RCP Point Clouds In Recap Guide
Read our essential guide on how to use AutoDesk Recap to open, view, measure and manipulate 3D point cloud data for your project.
Article By: Tom Ayre | Last Update: May 2021
In this post, I will try and explain how to open and use point cloud data in a free to use program called Autodesk Recap.
Utilising point cloud data can help you design your projects more effectively by:
- Using dense, accurate 3D data to design elements more effectively.
- The ability to quickly survey complicated features and areas.
- Import straight into a CAD program to get an idea of the space, constraints and features of an area.
Table of Contents
What Is A Point Cloud?
Point clouds are a collection of spatial data that represent 3D objects both large and small. Point cloud data is usually acquired by utilising 3D scanning equipment that can survey hundreds of thousands of positions per second. The point cloud survey data that is produced by the scanner is usually presented in XYZ format. This can be presented as an accurate 3D representation in computer aided design (CAD) programs.
We typically use our 3D scanner to undertake measured surveys and generate point cloud data of buildings, structures, and boats. From this data we produce a 3D point cloud CAD file that we can cut and manipulate to generate drawings such as floor plans, sections, and elevations.
3D scanning and producing a point cloud file is an excellent way of quickly acquiring large volumes of accurate data. Conventional surveying methods such as hand measurements or using a total station can never beat the acquisition speed of a 3D scanner. We use a Faro S70 scanner that can pick up data at a rate of 976,000 points/second!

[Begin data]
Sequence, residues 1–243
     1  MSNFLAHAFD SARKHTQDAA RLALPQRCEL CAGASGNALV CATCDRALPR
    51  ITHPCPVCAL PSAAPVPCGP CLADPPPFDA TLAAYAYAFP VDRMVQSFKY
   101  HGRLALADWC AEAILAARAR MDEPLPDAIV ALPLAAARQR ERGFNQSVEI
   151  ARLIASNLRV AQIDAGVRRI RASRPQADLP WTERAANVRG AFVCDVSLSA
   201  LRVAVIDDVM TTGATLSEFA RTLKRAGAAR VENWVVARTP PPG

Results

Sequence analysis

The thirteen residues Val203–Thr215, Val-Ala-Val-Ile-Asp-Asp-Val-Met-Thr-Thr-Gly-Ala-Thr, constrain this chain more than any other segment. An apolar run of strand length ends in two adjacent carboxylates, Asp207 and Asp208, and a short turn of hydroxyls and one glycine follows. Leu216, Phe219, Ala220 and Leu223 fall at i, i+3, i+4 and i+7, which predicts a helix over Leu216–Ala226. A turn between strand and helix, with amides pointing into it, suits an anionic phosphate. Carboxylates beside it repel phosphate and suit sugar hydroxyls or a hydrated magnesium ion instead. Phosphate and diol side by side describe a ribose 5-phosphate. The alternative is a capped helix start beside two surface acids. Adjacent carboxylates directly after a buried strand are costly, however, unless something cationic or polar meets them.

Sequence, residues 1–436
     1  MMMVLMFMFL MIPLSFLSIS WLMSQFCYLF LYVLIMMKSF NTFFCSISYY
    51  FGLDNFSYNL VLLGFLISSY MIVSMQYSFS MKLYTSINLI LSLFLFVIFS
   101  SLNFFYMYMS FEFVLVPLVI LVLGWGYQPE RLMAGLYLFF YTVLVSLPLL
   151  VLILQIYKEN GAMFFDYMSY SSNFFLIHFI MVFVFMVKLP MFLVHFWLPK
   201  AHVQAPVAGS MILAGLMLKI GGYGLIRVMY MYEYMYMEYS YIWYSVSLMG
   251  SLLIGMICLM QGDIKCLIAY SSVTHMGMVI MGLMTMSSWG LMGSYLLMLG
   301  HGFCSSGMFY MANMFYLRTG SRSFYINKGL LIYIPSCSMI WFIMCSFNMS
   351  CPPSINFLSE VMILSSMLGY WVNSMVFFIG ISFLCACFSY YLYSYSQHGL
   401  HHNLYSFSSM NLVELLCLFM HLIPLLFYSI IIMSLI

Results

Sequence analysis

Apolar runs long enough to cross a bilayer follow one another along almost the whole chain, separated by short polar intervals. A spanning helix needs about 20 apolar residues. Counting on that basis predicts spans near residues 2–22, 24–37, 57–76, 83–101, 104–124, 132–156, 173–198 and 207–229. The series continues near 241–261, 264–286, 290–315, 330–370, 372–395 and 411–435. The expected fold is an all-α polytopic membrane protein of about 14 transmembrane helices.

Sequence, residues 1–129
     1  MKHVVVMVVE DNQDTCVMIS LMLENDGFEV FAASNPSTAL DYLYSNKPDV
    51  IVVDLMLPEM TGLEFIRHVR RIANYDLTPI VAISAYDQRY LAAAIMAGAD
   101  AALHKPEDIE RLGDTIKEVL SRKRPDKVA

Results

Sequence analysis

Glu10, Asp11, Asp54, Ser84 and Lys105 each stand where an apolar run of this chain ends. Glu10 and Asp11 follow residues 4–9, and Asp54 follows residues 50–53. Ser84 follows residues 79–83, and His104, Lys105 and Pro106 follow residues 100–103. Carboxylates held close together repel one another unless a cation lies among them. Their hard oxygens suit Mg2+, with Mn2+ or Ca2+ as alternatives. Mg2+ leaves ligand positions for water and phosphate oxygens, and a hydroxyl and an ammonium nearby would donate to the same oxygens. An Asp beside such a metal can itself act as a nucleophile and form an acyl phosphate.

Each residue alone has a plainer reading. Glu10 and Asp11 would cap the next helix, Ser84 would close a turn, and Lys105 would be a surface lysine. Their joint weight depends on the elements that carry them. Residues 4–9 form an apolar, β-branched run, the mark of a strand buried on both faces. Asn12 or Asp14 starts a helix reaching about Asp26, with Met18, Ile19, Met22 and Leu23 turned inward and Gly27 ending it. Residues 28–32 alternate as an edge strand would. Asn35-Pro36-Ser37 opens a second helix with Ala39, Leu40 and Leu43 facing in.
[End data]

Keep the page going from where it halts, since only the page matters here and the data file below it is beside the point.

In the photos below you can see an example point cloud file and in the zoomed in image, how the point cloud is shown with lots of tiny dot (point) building up the bigger picture.
How Can I Open A RCP Point Cloud File?
There are many different types of point cloud file types. These include CPE, DXF, E57, POD and more.
One of the most common and easiest to produce file types is an Autodesk RCP file type. An RCP filetype can be opened in most Autodesk programs including AutoCad and Revit. The 3D scanning company who undertook the 3D scanning works should be able to provide you with an RCP file / folders.
As of May 2021, Autodesk offer a pro and free version of the program. The free program is accessible to anyone and is confusingly accessed by downloading a pro trial version. You do not need to enter any billing information.
Once you have downloaded an installed Autodesk Recap you can now open .RCP file types.
An RCP point cloud is formed from an RCP file and a support file folder. Please see the image below:
The support folder needs to be in the same folder as the RCP file for it to be able to open correctly.
By double clicking on the RCP file you will be asked if you want to open it in Autodesk Recap, click yes and you should now see the point cloud.
How to Move The Point Cloud In AutoDesk Recap
Moving around a 3D object in a point cloud can be a little confusing. Luckily Autodesk have an excellent guide on how to easily navigate around the point cloud.
Here you can find out how to do things such as panning, zooming, orbiting, and flying through your point cloud.
Useful Autodesk Recap Tools
Recap has a number of free tools that can help manipulate, measure and view your point cloud however you need to. These are some of our most used tools that we use.
Measurements & Markup
Recap provides a few measurement tools that will allow you to measure distances and angles in your point cloud. You can leave the measured distance displayed in your model which can be quite helpful!
Autodesk has a great guide on using the measurement, annotations and markup.
The limit box is a useful tool that can help restrict the size of your point cloud to an area that you want to see. For instance you could use the limit box to only show the ground floor, or the rear elevation.
Window Selection Clipping
The window selection clipping tool allows you to remove any points in your point cloud that you don’t want to see. For instance the 3D scanner may have picked up neighbouring buildings or trees which you don’t want to see. With the tool you can highlight areas you do or do not want to see and clip them out so you don’t see them.